To send content items to your account,
please confirm that you agree to abide by our usage policies.
If this is the first time you use this feature, you will be asked to authorise Cambridge Core to connect with your account.
Find out more about sending content to .
To send content items to your Kindle, first ensure email@example.com
is added to your Approved Personal Document E-mail List under your Personal Document Settings
on the Manage Your Content and Devices page of your Amazon account. Then enter the ‘name’ part
of your Kindle email address below.
Find out more about sending to your Kindle.
Note you can select to send to either the @free.kindle.com or @kindle.com variations.
‘@free.kindle.com’ emails are free but can only be sent to your device when it is connected to wi-fi.
‘@kindle.com’ emails can be delivered even when you are not connected to wi-fi, but note that service fees apply.
The rapid spread of severe acute respiratory coronavirus virus 2 (SARS-CoV-2) throughout key regions of the United States in early 2020 placed a premium on timely, national surveillance of hospital patient censuses. To meet that need, the Centers for Disease Control and Prevention’s National Healthcare Safety Network (NHSN), the nation’s largest hospital surveillance system, launched a module for collecting hospital coronavirus disease 2019 (COVID-19) data. We present time-series estimates of the critical hospital capacity indicators from April 1 to July 14, 2020.
From March 27 to July 14, 2020, the NHSN collected daily data on hospital bed occupancy, number of hospitalized patients with COVID-19, and the availability and/or use of mechanical ventilators. Time series were constructed using multiple imputation and survey weighting to allow near–real-time daily national and state estimates to be computed.
During the pandemic’s April peak in the United States, among an estimated 431,000 total inpatients, 84,000 (19%) had COVID-19. Although the number of inpatients with COVID-19 decreased from April to July, the proportion of occupied inpatient beds increased steadily. COVID-19 hospitalizations increased from mid-June in the South and Southwest regions after stay-at-home restrictions were eased. The proportion of inpatients with COVID-19 on ventilators decreased from April to July.
The NHSN hospital capacity estimates served as important, near–real-time indicators of the pandemic’s magnitude, spread, and impact, providing quantitative guidance for the public health response. Use of the estimates detected the rise of hospitalizations in specific geographic regions in June after they declined from a peak in April. Patient outcomes appeared to improve from early April to mid-July.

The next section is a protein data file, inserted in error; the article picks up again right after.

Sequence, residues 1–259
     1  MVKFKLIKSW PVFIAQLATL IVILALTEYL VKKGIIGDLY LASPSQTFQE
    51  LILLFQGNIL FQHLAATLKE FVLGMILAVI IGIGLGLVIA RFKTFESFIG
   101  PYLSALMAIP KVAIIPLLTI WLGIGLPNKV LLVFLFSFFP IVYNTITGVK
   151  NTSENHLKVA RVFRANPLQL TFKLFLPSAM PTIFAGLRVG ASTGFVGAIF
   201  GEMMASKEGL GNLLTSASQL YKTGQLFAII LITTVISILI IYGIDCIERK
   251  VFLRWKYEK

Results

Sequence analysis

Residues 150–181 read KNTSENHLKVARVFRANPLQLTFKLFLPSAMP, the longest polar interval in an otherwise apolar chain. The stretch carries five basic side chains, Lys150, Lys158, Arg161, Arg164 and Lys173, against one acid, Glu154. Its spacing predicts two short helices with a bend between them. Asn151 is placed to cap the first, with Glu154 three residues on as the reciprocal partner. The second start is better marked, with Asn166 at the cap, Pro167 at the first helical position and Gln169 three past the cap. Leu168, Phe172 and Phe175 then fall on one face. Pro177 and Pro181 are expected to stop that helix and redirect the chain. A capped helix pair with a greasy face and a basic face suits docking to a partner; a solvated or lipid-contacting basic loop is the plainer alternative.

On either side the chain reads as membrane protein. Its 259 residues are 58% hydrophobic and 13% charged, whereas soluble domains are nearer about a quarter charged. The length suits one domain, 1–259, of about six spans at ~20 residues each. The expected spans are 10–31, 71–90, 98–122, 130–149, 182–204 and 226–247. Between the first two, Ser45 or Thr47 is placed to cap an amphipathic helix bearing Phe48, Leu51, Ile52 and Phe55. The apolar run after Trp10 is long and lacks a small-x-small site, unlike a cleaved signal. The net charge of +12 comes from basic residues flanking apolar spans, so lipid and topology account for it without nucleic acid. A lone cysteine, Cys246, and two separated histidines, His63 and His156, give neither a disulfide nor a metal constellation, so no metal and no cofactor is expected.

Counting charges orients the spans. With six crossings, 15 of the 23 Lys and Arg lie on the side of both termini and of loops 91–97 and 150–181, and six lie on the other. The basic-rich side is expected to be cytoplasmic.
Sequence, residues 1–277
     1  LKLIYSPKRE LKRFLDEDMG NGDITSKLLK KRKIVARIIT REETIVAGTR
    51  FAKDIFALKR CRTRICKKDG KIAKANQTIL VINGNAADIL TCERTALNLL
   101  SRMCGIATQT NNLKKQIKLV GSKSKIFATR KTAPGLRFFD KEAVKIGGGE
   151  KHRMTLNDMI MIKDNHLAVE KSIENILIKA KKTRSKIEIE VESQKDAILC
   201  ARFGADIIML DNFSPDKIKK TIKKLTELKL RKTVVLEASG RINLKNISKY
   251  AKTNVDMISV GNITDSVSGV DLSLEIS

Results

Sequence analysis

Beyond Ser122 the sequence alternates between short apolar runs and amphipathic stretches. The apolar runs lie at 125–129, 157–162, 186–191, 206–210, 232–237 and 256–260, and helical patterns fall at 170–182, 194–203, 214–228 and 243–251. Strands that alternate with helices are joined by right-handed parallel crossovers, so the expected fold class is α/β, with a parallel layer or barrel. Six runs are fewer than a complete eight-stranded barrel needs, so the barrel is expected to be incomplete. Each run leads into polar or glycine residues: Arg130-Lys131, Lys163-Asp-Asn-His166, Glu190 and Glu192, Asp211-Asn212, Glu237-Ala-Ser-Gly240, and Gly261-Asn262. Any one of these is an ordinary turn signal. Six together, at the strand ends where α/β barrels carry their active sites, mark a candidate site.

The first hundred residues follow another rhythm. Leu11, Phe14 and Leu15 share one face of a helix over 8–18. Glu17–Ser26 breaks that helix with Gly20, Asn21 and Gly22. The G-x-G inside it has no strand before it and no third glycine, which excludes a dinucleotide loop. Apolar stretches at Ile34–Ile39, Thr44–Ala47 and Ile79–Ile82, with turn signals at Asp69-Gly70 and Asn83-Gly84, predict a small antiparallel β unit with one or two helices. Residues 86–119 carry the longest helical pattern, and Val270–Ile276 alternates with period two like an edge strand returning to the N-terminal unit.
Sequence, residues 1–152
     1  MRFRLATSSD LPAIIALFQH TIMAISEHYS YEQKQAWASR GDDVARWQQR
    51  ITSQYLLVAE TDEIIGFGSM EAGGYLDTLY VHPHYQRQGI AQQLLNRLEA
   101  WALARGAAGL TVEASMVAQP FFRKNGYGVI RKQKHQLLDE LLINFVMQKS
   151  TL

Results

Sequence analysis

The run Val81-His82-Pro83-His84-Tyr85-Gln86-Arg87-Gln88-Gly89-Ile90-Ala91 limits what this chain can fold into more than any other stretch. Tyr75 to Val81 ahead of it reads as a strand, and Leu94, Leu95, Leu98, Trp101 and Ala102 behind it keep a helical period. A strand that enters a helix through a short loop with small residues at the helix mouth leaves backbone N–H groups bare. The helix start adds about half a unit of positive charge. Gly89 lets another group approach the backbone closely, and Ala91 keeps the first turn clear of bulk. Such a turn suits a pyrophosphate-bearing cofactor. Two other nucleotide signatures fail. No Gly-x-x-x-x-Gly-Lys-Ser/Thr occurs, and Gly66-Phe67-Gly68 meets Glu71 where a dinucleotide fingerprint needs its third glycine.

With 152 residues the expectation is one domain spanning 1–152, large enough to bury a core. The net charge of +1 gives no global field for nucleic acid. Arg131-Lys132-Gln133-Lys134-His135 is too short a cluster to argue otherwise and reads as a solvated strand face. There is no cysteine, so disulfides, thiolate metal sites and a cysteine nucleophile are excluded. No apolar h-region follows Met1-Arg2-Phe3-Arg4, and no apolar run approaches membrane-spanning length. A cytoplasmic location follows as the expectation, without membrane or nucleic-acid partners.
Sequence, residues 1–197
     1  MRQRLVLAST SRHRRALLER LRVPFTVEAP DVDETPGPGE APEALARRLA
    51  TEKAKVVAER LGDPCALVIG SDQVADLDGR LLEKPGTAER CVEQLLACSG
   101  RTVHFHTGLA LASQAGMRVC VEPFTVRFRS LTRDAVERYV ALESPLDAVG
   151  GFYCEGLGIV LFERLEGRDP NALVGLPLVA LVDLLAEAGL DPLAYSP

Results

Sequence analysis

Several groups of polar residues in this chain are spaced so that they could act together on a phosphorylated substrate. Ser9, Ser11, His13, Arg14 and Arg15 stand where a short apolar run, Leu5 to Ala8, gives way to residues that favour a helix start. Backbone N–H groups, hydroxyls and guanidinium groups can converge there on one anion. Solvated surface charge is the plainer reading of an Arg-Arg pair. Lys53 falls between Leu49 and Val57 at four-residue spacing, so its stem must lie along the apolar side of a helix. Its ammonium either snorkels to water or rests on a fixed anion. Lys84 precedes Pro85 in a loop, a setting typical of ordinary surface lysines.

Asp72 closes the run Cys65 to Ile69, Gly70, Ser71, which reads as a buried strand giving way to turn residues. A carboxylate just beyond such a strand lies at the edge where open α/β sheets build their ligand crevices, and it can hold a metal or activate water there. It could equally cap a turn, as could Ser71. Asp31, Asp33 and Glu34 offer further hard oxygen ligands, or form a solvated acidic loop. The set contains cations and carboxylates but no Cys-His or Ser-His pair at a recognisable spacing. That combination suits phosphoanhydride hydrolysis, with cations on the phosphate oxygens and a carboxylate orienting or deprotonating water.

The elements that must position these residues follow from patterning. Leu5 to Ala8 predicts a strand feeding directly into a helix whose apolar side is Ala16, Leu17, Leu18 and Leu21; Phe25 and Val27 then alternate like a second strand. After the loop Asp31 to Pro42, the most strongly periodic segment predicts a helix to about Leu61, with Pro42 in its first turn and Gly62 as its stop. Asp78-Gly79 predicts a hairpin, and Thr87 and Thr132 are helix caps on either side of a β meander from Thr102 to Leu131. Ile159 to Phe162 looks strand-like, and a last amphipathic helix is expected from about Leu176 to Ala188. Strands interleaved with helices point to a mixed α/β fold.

To describe common pathogens and antimicrobial resistance patterns for healthcare-associated infections (HAIs) among pediatric patients that occurred in 2015–2017 and were reported to the Centers for Disease Control and Prevention’s National Healthcare Safety Network (NHSN).
Antimicrobial resistance data were analyzed for pathogens implicated in central line-associated bloodstream infections (CLABSIs), catheter-associated urinary tract infections (CAUTIs), ventilator-associated pneumonias (VAPs), and surgical site infections (SSIs). This analysis was restricted to device-associated HAIs reported from pediatric patient care locations and SSIs among patients <18 years old. Percentages of pathogens with nonsusceptibility (%NS) to selected antimicrobials were calculated by HAI type, location type, and surgical category.
Overall, 2,545 facilities performed surveillance of pediatric HAIs in the NHSN during this period. Staphylococcus aureus (15%), Escherichia coli (12%), and coagulase-negative staphylococci (12%) were the 3 most commonly reported pathogens associated with pediatric HAIs. Pathogens and the %NS varied by HAI type, location type, and/or surgical category. Among CLABSIs, the %NS was generally lowest in neonatal intensive care units and highest in pediatric oncology units. Staphylococcus spp were particularly common among orthopedic, neurosurgical, and cardiac SSIs; however, E. coli was more common in abdominal SSIs. Overall, antimicrobial nonsusceptibility was less prevalent in pediatric HAIs than in adult HAIs.
This report provides an updated national summary of pathogen distributions and antimicrobial resistance patterns among pediatric HAIs. These data highlight the need for continued antimicrobial resistance tracking among pediatric patients and should encourage the pediatric healthcare community to use such data when establishing policies for infection prevention and antimicrobial stewardship.
Email your librarian or administrator to recommend adding this to your organisation's collection.